Andy Rubin, the now-departed former boss of Google's Android division, has revealed that the OS was initially developed to power digital cameras, before the slump in snapper sales encouraged his team to turn it into a mobile phone system.
"The exact same platform, the exact same operating system we built for cameras, that became Android for cellphones," Rubin told attendees at an economic forum in Tokyo. "We decided digital cameras wasn't actually a big enough market. I was worried about Microsoft and I was worried about Symbian, I wasn't worried about iPhone yet."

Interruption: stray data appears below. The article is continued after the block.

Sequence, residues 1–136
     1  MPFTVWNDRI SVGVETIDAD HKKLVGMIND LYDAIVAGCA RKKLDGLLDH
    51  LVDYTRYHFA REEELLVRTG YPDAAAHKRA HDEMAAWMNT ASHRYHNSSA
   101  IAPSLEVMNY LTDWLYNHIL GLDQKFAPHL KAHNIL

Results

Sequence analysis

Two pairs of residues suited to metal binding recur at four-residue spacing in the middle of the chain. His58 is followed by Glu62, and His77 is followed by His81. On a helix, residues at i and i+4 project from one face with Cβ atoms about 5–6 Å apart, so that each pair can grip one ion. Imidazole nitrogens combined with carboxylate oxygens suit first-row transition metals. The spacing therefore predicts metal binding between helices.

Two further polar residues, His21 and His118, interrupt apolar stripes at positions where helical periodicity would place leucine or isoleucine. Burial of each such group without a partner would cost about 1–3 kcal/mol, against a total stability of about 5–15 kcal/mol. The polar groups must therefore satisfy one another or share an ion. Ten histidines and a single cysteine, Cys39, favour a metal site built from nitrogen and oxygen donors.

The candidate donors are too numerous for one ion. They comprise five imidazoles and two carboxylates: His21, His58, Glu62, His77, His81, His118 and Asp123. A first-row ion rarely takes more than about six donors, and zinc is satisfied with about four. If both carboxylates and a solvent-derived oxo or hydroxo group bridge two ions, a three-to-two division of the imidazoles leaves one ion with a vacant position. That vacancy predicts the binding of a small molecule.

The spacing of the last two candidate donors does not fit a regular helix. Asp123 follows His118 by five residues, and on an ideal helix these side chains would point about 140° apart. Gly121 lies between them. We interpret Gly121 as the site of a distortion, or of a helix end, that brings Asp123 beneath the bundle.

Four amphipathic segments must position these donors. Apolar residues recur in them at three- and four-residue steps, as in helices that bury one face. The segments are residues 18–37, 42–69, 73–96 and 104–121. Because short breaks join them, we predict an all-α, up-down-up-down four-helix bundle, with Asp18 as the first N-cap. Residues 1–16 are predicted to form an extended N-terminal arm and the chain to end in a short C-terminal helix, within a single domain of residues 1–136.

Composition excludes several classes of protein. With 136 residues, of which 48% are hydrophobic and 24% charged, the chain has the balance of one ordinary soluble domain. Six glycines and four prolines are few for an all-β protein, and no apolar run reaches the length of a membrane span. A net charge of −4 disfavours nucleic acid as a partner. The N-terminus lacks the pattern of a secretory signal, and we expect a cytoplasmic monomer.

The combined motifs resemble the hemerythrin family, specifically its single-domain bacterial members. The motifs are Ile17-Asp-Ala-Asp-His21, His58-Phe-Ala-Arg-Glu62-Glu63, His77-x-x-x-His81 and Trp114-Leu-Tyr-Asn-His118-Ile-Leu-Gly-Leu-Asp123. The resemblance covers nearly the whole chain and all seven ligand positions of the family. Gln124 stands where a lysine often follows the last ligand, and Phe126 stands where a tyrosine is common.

Rubin showed off a presentation he put together in 2004, which showed a digital camera connecting to a computer and uploading images to a central server known as the... Android Datacenter. Once he'd switched it to a mobile OS, Android and Rubin's team were acquired by Google in 2005. [PC World]
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